Minnesota has confirmed its 10th case of fungal meningitis in a national outbreak linked to a tainted steroid from a Massachusetts pharmacy.
The patient is a Twin Cities-area woman in her 60s, state officials said Tuesday. She did not require hospitalization but is being treated for the infection.
The woman received a spinal injection from one of the tainted batches of the steroid at Medical Advanced Pain Specialists (MAPS), according to Richard Danila, Minnesota's assistant state epidemiologist. MAPS is one of two Minnesota clinic groups that received contaminated steroids from the New England Compounding Center in Framingham, Mass.
The state Health Department says about 985 Minnesota patients of MAPS and Minnesota Surgery Center received the injections.
The Massachusetts firm recalled the steroids last month and federal health authorities have alerted clinics nationwide to stop using them.
So far, at least two of the Minnesota patients were hospitalized for treatment, but both have shown signs of recovery. State health officials have not released additional details on the others.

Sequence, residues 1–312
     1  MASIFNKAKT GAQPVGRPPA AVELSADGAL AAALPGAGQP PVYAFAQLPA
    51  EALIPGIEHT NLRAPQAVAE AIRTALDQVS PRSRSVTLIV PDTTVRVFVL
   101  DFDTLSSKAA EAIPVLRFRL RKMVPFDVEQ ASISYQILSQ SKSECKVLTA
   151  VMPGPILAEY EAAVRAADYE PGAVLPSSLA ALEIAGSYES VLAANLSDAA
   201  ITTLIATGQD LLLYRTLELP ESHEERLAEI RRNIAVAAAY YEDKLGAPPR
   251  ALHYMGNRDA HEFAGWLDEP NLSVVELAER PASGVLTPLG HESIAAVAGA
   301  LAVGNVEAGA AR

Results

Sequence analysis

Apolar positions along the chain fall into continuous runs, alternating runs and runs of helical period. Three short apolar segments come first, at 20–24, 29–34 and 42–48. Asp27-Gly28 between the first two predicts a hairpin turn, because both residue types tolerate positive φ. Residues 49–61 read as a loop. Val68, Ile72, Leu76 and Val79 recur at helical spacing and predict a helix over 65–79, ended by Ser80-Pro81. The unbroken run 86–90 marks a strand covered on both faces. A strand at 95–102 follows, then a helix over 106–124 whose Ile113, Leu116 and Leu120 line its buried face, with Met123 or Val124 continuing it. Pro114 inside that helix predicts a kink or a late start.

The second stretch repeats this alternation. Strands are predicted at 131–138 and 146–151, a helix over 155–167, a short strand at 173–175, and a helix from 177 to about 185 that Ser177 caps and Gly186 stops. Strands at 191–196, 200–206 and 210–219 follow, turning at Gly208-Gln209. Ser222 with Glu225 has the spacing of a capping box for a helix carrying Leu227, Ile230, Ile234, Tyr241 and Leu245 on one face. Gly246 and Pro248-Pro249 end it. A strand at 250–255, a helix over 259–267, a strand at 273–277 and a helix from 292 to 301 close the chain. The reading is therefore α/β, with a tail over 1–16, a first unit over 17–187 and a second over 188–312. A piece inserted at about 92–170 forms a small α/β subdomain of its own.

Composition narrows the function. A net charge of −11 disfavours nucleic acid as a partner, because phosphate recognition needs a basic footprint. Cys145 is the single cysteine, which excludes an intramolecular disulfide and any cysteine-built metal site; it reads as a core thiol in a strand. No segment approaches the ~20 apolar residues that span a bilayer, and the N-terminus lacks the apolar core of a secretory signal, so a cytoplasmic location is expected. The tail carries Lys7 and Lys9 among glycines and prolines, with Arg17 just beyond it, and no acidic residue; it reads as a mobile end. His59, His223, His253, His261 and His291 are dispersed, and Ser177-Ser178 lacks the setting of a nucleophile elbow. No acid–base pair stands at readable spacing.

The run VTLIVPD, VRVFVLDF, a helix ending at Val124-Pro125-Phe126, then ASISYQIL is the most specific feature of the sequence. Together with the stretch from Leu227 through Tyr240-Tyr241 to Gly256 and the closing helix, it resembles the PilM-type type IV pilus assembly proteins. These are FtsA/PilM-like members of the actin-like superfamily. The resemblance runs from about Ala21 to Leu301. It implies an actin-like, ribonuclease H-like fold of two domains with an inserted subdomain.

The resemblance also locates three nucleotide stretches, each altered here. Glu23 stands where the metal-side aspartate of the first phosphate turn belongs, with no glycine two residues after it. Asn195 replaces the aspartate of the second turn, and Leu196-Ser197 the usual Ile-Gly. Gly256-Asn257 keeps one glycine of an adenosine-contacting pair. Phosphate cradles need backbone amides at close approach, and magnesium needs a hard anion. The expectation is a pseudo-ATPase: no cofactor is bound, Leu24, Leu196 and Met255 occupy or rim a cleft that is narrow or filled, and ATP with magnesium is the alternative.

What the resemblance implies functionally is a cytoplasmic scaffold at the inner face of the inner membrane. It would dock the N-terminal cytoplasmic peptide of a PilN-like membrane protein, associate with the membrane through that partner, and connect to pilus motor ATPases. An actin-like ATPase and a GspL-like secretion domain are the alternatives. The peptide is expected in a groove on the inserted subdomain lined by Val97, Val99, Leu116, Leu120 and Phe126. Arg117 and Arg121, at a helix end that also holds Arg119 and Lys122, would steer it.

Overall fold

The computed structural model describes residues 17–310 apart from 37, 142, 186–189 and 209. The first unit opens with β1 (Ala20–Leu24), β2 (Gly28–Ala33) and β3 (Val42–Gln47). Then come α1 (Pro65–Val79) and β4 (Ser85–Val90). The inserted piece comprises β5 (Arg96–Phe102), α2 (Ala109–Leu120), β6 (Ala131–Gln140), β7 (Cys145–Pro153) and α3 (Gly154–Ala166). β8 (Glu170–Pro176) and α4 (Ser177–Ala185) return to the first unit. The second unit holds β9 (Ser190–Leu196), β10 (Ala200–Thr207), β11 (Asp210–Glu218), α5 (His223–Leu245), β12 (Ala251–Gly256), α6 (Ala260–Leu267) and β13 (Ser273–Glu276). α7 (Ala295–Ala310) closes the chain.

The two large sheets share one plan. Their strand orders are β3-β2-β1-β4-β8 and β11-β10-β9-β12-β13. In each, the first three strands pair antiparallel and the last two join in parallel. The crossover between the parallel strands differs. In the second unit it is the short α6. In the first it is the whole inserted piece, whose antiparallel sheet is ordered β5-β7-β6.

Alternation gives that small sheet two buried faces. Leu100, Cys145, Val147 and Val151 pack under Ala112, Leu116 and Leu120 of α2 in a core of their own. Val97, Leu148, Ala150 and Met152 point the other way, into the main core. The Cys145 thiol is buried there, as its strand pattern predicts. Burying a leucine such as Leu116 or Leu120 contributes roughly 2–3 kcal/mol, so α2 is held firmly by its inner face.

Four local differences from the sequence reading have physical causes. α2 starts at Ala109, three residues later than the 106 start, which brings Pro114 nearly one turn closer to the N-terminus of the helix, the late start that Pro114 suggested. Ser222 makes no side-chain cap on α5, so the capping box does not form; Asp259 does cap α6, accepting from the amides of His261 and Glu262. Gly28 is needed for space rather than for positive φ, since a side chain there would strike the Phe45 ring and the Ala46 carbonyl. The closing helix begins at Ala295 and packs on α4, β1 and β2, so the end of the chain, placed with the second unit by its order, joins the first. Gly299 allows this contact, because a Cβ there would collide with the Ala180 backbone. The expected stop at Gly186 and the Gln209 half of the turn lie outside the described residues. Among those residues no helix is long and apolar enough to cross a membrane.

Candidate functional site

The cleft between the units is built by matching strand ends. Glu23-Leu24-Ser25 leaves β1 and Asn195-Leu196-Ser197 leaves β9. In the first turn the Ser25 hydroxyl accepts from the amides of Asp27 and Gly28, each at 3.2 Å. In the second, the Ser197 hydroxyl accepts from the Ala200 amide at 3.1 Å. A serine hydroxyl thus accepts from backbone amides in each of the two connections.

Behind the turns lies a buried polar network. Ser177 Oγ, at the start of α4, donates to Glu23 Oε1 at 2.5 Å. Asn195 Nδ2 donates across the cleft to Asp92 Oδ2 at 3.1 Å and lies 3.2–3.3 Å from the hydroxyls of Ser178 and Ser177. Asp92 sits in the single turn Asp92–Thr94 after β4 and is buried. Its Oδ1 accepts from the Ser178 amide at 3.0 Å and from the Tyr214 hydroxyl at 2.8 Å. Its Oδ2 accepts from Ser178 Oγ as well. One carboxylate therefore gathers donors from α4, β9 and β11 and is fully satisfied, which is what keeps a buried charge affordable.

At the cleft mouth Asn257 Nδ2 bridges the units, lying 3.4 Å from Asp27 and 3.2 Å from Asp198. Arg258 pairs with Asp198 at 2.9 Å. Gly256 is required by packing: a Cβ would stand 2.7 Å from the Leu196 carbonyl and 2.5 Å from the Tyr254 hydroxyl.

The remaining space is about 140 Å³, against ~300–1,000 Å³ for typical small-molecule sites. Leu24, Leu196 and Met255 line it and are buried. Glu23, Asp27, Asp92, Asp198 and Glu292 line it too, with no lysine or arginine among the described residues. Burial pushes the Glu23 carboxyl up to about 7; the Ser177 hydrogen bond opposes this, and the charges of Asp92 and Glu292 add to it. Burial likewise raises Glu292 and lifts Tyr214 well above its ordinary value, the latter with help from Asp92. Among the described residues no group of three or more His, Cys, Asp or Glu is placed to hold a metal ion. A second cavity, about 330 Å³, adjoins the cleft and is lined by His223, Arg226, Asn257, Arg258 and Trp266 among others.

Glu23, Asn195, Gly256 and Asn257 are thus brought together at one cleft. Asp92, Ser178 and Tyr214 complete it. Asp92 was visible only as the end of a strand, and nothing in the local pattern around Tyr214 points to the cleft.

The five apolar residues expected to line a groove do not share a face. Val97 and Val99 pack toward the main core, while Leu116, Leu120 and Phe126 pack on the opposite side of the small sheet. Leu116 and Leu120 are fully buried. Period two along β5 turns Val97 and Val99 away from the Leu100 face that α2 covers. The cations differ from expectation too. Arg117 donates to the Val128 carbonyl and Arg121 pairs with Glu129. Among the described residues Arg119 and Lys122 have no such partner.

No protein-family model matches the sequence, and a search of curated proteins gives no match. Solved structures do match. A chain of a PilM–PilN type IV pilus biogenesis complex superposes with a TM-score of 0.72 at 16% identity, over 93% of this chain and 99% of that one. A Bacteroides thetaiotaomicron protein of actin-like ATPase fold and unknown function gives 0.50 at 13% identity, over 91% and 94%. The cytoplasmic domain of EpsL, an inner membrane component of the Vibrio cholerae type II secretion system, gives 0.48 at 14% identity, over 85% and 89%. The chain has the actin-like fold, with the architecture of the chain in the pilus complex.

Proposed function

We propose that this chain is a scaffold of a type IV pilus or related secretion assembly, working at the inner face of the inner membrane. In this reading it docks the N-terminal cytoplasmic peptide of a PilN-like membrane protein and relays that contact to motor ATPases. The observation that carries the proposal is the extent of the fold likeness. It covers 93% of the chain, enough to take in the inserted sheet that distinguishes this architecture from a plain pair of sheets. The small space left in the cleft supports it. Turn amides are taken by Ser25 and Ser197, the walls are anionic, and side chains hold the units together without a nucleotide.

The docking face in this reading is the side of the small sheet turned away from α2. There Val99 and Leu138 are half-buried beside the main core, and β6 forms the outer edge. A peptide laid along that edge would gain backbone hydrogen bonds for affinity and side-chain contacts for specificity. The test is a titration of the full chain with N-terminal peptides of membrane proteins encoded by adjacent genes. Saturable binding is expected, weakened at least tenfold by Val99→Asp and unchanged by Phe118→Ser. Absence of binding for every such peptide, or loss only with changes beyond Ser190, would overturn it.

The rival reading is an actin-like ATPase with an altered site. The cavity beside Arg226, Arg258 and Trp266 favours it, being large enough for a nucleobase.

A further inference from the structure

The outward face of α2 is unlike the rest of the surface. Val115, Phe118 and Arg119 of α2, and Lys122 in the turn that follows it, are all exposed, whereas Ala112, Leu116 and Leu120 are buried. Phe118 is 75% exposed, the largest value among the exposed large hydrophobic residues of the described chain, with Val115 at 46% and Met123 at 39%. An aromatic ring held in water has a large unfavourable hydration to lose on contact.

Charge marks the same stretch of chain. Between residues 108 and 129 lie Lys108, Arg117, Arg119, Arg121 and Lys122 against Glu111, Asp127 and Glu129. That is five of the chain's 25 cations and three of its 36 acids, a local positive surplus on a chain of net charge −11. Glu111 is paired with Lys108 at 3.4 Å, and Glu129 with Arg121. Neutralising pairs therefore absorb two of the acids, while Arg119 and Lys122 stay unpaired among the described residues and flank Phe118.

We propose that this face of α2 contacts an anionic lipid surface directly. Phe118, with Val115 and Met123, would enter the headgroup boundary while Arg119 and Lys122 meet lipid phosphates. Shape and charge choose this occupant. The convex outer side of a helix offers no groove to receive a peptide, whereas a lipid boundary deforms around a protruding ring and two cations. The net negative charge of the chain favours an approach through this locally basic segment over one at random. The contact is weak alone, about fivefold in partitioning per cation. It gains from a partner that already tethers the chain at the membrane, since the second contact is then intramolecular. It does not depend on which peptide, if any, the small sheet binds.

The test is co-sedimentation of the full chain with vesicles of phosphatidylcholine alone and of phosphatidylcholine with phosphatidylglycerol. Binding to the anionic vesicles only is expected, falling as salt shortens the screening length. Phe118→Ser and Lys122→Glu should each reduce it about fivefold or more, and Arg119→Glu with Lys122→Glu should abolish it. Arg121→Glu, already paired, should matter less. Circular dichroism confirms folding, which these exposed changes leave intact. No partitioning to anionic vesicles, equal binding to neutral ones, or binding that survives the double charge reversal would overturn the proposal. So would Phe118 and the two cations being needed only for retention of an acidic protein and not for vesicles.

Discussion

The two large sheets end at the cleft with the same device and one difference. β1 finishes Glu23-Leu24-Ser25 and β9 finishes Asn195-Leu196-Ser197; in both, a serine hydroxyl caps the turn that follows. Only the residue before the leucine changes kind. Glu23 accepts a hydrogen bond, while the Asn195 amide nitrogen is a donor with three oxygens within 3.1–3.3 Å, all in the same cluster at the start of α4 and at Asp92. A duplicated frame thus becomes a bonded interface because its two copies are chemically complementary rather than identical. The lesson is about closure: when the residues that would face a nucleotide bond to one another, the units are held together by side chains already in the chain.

Scores of Minnesota patients have been tested for the fungal infection and although only 10 have been confirmed as positive, many more have reported related symptoms, including headaches and neck pain.
Danila said there's "a good chance" Minnesota will see more cases, although the national outbreak has shown signs of winding down. The two Minnesota clinics stopped using the tainted steroid about 35 days ago, but with an incubation period ranging from 42 to 66 days, it's possible that additional cases will still turn up, he said.
More than 100 Minnesota clinics bought various drugs from the New England Compounding Center, which has ceased operations and is under federal investigation. Minnesota has had no confirmed cases of illnesses from other drugs from the firm, but Danila said officials are "waiting for the other shoe to drop."
Also on Tuesday, federal officials raised the outbreak's national count to 356 cases of fungal meningitis and seven cases of related joint infections in 19 states. There have been 28 deaths.
Tennessee, where the outbreak was first reported, has 74 cases, but has been overtaken by Michigan, which now has 93 confirmed cases.
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